As for the vehicles, two major steps include converting to hybrid vehicles and for operator training, utilizing simulators. Safety and Training Director James Dhom has simulators to work with, which were installed in 2010. Dhom says, “You can save time and fuel on the bus because you can cover much of the information in here, in a semi-read setting.”
Not only the operators, but most all employees at MTD have their Commercial Driver’s License, so they are trained on the simulators, as well. Aside from being a smaller agency and it being beneficial in case of emergencies, it also reminds all employees what it takes to operate a bus.
The simulators are set up to look and feel like you’re in the vehicle and the trainer can “load” which bus is being driven, whether it’s one of their 30-foot El Dorados or a 60-foot New Flyer artic. And then the trainer can tailor exactly what kind of scenario is going to be presented.
Different “worlds” can be loaded: country, county, urban, garage situations and in the case of MTD, a customized world. “All of our buses except for about two routes go through campus,” Dhom explains. “It’s not as bad as Chicago, still, you’re talking about a 14-block area with 42,000 students and 17,000 faculty. Big time problems for us.
“In addition to purchasing the general worlds that we got from FAAC, we got a customized one for our campus area. We can show our campus area and the problems that we are having.”
Dhom explains that they can look specifically at what accidents are occurring and where, and then focus in on those very scenarios.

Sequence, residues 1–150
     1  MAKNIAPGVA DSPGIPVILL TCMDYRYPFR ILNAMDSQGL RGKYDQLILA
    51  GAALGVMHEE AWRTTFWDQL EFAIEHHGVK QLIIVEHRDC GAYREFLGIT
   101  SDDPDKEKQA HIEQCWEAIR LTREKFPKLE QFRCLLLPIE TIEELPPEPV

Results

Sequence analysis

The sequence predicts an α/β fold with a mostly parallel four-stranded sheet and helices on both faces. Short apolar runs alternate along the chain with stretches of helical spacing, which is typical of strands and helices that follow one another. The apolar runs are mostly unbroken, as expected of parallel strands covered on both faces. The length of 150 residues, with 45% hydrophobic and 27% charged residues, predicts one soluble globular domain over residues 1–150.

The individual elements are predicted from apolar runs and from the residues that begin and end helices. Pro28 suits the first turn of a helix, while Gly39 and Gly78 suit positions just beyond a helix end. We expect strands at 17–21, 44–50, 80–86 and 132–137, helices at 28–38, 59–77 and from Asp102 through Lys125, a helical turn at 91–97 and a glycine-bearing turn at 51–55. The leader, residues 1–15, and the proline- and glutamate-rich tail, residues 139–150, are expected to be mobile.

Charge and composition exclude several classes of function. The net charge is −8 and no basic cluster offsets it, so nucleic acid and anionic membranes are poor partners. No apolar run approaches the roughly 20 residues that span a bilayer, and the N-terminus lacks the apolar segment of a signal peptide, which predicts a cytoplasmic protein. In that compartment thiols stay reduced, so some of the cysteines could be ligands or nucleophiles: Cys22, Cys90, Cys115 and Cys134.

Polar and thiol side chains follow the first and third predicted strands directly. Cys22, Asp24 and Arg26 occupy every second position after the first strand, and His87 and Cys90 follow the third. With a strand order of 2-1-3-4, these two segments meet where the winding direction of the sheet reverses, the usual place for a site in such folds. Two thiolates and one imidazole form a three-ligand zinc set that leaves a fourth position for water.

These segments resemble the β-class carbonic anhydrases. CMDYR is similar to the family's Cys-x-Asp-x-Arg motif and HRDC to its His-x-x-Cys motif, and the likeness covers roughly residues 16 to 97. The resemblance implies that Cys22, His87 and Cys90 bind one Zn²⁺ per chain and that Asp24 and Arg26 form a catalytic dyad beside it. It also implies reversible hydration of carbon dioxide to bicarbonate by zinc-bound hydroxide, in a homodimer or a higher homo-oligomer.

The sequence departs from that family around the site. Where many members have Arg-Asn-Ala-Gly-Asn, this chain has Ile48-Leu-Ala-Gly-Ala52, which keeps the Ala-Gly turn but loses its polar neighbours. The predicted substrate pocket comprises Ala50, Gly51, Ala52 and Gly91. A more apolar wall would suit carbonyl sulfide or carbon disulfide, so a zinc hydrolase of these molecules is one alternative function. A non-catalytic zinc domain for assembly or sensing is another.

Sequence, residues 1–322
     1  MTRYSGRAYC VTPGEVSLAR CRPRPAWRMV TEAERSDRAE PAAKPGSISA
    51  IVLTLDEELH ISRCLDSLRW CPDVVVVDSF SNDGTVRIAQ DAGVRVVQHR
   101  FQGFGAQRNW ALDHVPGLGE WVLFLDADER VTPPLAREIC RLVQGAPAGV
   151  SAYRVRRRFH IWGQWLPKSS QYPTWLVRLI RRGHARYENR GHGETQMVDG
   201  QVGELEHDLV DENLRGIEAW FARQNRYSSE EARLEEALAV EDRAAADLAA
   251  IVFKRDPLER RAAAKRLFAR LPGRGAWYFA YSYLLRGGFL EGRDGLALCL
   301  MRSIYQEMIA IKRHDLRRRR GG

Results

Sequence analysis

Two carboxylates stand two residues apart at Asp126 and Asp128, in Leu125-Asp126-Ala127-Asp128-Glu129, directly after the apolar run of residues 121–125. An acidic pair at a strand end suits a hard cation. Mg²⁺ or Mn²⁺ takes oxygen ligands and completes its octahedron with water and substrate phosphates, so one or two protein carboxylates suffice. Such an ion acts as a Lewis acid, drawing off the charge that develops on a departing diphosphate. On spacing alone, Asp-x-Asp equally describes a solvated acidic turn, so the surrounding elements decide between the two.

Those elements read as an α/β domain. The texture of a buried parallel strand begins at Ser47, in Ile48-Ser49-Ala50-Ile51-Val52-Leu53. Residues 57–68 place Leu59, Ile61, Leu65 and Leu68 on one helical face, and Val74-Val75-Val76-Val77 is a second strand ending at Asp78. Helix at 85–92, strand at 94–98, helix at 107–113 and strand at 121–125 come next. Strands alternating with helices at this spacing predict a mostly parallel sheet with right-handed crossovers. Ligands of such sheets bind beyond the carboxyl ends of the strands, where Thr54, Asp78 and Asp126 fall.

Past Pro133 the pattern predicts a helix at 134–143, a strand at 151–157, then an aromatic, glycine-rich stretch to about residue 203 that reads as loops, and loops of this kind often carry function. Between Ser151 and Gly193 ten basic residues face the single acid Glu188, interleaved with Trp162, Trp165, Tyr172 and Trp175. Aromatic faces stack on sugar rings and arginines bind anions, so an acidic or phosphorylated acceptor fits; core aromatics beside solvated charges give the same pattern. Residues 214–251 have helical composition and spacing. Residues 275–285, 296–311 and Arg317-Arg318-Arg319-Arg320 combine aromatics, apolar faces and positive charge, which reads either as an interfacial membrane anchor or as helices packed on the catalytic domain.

When it comes to the actual vehicles at MTD, Moore says they got their first hybrid in 2009 and had been looking at alternative fuel options since the early to mid-2000s. “The Allison hybrid system was coming out and it had gained a reputation of what people describe as a bulletproof system; it was doing well.
“We knew we were going to take that next step but we knew we had to go with a system that was proven.” He continues, “So in 2009 we pulled the trigger and we got these 30-footers and 60-footers from New Flyer. We had very good luck with them and then in 2011 we got 23 40-footers and then in 12 we got 12 more.”
The biggest question from peers about converting, he says, was what did they have to change in their infrastructure or process to handle hybrids. “And my answer is nothing,” he states. “I mean literally, there was no training, other than training which is involved when you buy a fleet, but other than that, there was nothing and you get them out on the street every day.”
In the community, ridership has been up 9 to 10 percent, walking and biking rates are up and vehicle miles traveled have leveled off and actually decreased in the University District.